The next step is to assign ranks to the absolute value of differences. Note that this can only be done after arranging the data in ascending order.

In Wilcoxon sign-rank test, we need signed ranks which basically is assigning the sign associated with the difference to the rank as shown below.

Easy, right? Now, what is the hypothesis here?

The hypothesis can be one-sided or two-sided and I am considering one-sided hypothesis and using 5% level of significance. Therefore,

The test statistic for this test is W is the smaller of W1 and W2 defined below:

W1 = 17.5

W2 = 3.5

W = min(W1, W2 ) = 3.5

Here, if W1 is similar to W2 then we accept the null hypothesis. Otherwise, in this example, if the difference reflects greater improvement in the marks scored by the students, then we reject the null hypothesis.

The critical value of W can be looked up in the table.

The criteria to accept or reject null hypothesis are

**Here, W > critical value=2, therefore we accept the null hypothesis and conclude that there’s no significant difference between the marks of two tests. **

### Sign Test

This test is similar to Wilcoxon sign-rank test and this can also be used in place of paired t-test if the data violates the assumptions of normality. I am going to use the same example that I used in Wilcoxon sign-rank test, assuming that it does not follow the normal distribution, to explain sign test.

Let’s look at the data again.

In sign test, we don’t take magnitude into consideration thereby ignoring the ranks. The hypothesis is same as before.

Here, if we see a similar number of positive and negative differences then the null hypothesis is true. Otherwise, if we see more of positive signs then the null hypothesis is false.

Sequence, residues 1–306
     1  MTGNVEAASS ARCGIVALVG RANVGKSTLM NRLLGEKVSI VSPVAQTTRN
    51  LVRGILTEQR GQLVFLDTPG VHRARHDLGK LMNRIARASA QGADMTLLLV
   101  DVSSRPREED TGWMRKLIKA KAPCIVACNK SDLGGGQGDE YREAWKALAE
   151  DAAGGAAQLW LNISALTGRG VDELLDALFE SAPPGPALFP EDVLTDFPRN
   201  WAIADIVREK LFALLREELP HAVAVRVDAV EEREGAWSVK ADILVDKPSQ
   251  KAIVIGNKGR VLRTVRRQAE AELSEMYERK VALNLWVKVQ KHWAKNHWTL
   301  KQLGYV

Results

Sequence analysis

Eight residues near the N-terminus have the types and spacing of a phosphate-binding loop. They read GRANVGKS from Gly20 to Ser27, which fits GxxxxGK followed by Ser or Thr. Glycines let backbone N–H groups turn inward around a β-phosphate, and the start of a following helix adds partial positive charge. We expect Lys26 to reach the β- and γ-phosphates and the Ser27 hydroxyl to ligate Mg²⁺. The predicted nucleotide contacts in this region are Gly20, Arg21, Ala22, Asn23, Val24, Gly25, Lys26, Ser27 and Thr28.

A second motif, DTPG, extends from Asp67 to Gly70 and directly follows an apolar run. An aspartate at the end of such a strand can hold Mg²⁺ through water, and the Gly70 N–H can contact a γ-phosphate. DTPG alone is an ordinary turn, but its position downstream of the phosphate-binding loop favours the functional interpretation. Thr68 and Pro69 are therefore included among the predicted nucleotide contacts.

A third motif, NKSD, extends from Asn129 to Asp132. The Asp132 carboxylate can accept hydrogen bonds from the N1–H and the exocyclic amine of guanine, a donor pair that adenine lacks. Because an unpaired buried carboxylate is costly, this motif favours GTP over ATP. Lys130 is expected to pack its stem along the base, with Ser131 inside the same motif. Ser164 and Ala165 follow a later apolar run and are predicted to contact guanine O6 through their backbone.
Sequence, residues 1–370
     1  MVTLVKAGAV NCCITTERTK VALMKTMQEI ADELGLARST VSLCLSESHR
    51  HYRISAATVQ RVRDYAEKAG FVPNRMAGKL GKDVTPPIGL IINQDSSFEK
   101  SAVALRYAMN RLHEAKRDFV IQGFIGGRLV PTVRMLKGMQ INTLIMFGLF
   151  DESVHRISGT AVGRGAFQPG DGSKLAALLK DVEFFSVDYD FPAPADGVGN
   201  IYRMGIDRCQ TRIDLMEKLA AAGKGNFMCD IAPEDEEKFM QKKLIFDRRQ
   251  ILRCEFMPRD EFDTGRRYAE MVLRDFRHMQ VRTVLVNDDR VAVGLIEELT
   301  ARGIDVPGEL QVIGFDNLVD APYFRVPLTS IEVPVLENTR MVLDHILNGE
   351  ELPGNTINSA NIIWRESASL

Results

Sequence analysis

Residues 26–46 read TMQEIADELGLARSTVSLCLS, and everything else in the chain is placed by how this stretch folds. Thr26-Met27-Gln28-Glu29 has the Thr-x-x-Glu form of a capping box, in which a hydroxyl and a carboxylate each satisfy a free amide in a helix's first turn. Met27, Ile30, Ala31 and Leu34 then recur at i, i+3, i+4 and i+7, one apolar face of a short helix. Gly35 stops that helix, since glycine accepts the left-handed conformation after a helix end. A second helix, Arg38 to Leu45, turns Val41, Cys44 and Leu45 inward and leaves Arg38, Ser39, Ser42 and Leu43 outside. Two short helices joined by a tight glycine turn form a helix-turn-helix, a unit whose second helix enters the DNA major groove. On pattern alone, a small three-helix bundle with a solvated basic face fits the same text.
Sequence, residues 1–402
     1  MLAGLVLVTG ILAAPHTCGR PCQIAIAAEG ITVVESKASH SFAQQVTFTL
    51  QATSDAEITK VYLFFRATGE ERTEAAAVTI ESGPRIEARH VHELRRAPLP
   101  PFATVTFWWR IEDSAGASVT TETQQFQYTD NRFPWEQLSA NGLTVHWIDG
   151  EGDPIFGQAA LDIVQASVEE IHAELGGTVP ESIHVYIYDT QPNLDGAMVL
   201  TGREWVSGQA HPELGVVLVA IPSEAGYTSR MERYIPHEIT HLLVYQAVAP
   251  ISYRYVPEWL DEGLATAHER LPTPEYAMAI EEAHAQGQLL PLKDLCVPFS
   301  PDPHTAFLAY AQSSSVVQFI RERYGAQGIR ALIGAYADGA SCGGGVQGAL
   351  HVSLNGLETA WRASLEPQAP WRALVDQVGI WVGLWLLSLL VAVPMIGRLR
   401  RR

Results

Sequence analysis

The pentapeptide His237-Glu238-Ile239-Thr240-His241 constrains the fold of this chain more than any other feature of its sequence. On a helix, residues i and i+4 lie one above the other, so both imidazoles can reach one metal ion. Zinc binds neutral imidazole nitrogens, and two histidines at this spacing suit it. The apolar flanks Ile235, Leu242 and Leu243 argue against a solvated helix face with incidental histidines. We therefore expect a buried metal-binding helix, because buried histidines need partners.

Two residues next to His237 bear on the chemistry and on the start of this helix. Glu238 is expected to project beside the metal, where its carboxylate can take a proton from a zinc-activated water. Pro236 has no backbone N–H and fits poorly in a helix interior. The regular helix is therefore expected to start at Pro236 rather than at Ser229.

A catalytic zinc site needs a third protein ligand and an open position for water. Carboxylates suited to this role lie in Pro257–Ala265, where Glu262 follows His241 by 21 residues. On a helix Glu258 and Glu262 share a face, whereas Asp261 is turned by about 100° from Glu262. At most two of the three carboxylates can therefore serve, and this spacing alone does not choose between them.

Test Statistic: The test statistic here is smaller of the number of positive and negative signs.

Determine the critical value and the criteria for rejecting or accepting null hypothesis is

**Here, the smaller number of + & – signs = 2 < critical value = 6. Therefore, we reject the null hypothesis and conclude that there’s no significant evidence to state that the median difference is zero.**

### Kruskal-Wallis Test

This test is extremely useful when you are dealing with more than 2 independent groups and it compares median among k populations. This test is an alternative to One way ANOVA when the data violates the assumptions of normal distribution and when the sample size is too small.

Note: The Kruskal-Wallis test can be used for both continuous and ordinal-level dependent variables.

Let’s look at an example to enhance our understanding of Kruskal-Wallis test.

Patients suffering from Dengue were divided into 3 groups and three different types of treatment were given to them. The platelet count of the patients after following a 3-day course of treatment is given below.

Notice that the sample size is different for the three treatments which can be tackled using Kruskal-Wallis test.

Sample sizes for treatments 1, 2 and 3 are as follows:

Treatment 1; n1 = 5

Treatment 2; n2 = 3

Treatment 3; n3 = 4

n = n1 + n2 + n3 = 5+3+4 = 12

The hypothesis here is given below and I have selected 5% level of significance.

Order these samples from smallest to largest and then assign ranks to the clubbed sample.

Recall that the sum of ranks will always be equal to n(n+1)/2.